Photo of a chocolate cake with candles that spell out "Happy Birthday"
(Photo/Flickr-Will Clayton CC BY 2.0)

Vayikra is bad for birthday cakes, but good for life guidance

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The Torah column is supported by a generous donation from Eve Gordon-Ramek in memory of Kenneth Gordon.


Leviticus 1:1-5:26

A rabbinical school classmate loved to bake. Throughout the year, she delighted each of us — in our small class — by baking us birthday cakes. We always looked forward to her homemade cakes. But, above all, we were excited to see the decoration.

These cakes, which lovingly came to be known as “parsha cakes,” were masterpieces depicting parashat ha-shavua — that week’s Torah portion. (Yes, it’s true. We didn’t get out much in rabbinical school. But even if we had, these cakes were amazing!)

For each birthday, the cake artist/future rabbi would create a sugary scene derived from the Torah portion. One year, my birthday fell during Parashat Vayikra. I wasn’t quite sure what that would mean for my cake.

Parashat Vayikra is the first portion in the Book of Vayikra, or Leviticus. Like the rest of the book, it includes all kinds of laws by which the Israelites are to set up a society.  This book of the Torah is dense and filled with incredible instructions for our autonomy — and for a civil society that was way ahead of its time. But … the language is sometimes hard to engage with. And … the images are archaic. For example, this Torah portion is all about animal sacrifices.

After being freed from slavery in the Book of Exodus, the Israelites begin a long journey of wandering through the desert. The journey served two purposes. First, a practical one. The long wandering took our ancestors to the land of Israel.

Now, if you’ve spent any time in the Sinai Desert, you know that it certainly does not take 40 years to wander from Egypt to Israel. It’s more like a few days’ journey — maybe a week or two if the Israelites stopped to relax at one of the resorts by the Dead Sea.

So why did the journey take 40 years?

The generation that left Egypt — and knew only slavery — had to be replaced by a new generation. And with that transition, a society had to be created that would allow a newly freed people to govern itself. So a lot of important work had to be done during those 40 years in the desert.

In order to build a society, God gave the Israelites many, many laws. A completely new society had to be created. The Israelites needed to understand the rules for independent living. And the instructions had to be given in a language that resonated with them. The images were intended to help the Israelites design a religious practice — and enter into a strong relationship with God.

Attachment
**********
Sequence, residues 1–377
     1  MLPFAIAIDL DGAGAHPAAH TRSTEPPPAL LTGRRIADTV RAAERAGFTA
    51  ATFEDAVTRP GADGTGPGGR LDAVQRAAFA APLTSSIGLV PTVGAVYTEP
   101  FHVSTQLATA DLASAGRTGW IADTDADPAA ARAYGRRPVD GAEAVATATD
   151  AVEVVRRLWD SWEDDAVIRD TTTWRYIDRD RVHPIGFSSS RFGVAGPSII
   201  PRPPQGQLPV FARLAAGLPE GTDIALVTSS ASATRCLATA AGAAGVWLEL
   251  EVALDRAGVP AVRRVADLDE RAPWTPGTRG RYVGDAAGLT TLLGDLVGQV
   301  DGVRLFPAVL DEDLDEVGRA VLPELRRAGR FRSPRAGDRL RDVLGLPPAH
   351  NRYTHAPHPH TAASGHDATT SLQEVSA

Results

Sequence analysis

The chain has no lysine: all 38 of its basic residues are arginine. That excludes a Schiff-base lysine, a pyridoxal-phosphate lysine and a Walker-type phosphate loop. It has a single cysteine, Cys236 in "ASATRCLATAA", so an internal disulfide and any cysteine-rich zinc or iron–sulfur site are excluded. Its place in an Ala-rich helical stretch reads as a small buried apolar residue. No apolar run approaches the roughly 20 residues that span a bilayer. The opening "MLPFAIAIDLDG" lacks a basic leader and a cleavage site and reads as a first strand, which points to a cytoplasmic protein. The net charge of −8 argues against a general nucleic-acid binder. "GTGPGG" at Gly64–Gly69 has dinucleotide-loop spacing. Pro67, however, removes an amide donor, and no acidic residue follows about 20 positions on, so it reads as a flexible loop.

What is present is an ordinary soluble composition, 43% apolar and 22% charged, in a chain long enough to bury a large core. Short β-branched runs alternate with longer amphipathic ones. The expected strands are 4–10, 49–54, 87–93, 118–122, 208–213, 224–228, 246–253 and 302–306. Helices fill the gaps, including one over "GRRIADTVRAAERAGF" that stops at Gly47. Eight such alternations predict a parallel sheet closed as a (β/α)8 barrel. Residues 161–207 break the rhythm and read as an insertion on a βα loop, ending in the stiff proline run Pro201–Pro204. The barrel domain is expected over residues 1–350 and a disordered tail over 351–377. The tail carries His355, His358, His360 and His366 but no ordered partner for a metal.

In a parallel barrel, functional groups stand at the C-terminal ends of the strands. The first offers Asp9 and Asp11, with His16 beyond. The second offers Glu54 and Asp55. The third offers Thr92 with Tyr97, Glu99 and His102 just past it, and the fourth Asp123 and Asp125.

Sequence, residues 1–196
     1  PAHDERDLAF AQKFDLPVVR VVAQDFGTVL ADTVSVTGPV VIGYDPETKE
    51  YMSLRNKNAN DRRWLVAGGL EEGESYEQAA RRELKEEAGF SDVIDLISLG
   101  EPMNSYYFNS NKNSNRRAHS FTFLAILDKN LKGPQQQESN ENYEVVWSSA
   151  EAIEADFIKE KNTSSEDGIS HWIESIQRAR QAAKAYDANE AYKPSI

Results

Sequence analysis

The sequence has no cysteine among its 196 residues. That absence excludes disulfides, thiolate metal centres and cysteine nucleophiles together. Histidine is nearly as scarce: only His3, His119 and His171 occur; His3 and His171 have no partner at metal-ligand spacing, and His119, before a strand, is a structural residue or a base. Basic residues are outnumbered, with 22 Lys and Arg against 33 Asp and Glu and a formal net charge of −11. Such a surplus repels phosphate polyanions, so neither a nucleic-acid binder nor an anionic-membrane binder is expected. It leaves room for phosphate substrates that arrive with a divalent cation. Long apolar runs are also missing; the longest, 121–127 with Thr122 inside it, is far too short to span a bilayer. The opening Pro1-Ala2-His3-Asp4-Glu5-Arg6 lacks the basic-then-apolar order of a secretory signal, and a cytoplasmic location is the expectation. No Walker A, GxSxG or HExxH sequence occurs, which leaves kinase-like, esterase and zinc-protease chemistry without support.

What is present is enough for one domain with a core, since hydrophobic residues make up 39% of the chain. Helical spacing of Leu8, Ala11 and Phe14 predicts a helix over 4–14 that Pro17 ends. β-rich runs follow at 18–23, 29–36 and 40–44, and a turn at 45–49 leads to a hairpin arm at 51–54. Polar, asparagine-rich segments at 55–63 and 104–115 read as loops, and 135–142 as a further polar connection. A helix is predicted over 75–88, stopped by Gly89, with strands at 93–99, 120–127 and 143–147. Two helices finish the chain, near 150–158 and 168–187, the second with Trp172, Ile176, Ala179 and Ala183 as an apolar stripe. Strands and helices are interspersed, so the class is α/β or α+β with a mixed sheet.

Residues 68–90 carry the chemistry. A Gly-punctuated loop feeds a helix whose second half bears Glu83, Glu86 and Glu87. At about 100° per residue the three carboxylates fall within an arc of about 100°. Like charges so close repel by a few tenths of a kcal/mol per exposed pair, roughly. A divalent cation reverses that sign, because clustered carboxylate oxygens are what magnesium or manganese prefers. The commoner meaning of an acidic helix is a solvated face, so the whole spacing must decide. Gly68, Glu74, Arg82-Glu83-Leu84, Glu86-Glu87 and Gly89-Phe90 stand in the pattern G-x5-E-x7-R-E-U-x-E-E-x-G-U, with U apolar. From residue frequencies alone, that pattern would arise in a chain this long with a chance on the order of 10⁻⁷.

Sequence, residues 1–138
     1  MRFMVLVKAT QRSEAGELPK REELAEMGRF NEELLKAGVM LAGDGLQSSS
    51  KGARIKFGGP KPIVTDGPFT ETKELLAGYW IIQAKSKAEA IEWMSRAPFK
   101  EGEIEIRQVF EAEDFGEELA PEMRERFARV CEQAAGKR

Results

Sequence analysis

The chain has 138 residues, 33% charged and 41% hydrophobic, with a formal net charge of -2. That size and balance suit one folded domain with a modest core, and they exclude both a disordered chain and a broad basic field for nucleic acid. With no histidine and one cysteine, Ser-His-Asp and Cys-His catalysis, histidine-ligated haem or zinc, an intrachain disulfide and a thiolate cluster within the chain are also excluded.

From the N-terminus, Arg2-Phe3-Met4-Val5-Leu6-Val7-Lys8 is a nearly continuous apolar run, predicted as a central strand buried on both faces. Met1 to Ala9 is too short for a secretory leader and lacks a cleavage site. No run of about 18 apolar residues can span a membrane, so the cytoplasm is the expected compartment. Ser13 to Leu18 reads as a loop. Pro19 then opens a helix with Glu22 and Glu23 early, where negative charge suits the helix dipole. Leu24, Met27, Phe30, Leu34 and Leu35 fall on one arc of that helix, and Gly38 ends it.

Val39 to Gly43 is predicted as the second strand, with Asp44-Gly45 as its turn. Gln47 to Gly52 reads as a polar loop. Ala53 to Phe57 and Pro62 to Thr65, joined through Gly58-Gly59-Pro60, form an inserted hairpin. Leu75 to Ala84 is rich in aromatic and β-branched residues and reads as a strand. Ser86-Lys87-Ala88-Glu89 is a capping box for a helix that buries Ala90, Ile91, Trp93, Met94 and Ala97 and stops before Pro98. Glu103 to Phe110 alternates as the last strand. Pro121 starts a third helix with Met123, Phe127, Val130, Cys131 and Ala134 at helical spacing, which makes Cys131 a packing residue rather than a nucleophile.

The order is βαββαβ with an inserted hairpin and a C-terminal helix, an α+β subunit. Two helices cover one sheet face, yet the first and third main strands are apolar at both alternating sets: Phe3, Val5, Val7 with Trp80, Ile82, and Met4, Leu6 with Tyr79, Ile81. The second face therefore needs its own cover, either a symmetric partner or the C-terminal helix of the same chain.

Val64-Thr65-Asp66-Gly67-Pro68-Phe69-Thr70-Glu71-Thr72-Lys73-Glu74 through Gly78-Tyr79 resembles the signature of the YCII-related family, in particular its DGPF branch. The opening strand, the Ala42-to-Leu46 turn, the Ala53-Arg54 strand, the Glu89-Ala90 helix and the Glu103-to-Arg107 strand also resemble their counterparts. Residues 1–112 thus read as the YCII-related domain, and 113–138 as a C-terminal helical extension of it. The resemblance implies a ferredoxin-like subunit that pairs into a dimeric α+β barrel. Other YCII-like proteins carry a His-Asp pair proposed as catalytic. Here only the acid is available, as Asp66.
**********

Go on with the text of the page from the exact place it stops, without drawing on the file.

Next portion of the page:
“What does all of this have to do with Torah-themed birthday cakes?” you ask.

Well, at first glance, a Torah portion that describes gory sacrifices might not seem like a wonderful one to depict on a birthday cake.

For example, this instruction from Vayikra (1:14-15) might be a challenge to a cake decorator: “If the offering to Adonai is a burnt offering of birds, it shall be chosen from turtle doves or pigeons. The priest shall bring it to the altar, pinch off its head and turn it into smoke on the altar; and its blood shall be drained out against the side of the altar.” That’s a toughie!

Recently, a 12-year-old student said to me — upon learning that Vayikra would be her bat mitzvah Torah portion — that it might be hard to find modern relevance in its words.

But as we read through a Torah portion which, at first glance, is challenging to our contemporary (animal-friendly) sensibilities, we found many relevant and eternal meanings.

This parashah is really about finding a voice for one’s own conversations with God.

And it helps people think about rituals for both apology and forgiveness. These are necessary for people to live together in peace.  The Torah portion’s messages are very relevant to all human beings, throughout time. Sometimes, a challenging Torah portion — when explored — turns out to be one of the most beautiful to guide us in contemporary life.

So, what did my Vayikra birthday cake look like?

Well, let’s just say it was one I will never forget. And there might have been some marshmallow Peeps involved. Peeps are the modern, springtime, candy version of turtle doves or pigeons, once sacrificed by our ancestors. My Vayikra cake was quite amazing!

Rabbi Jessica Zimmerman Graf
Rabbi Jessica Zimmerman Graf

Rabbi Jessica Zimmerman Graf is the senior rabbi at Congregation Sherith Israel in San Francisco. She is a participant in the AJWS Global Justice Fellowship, which inspires, educates and trains American rabbis to become national advocates for human rights.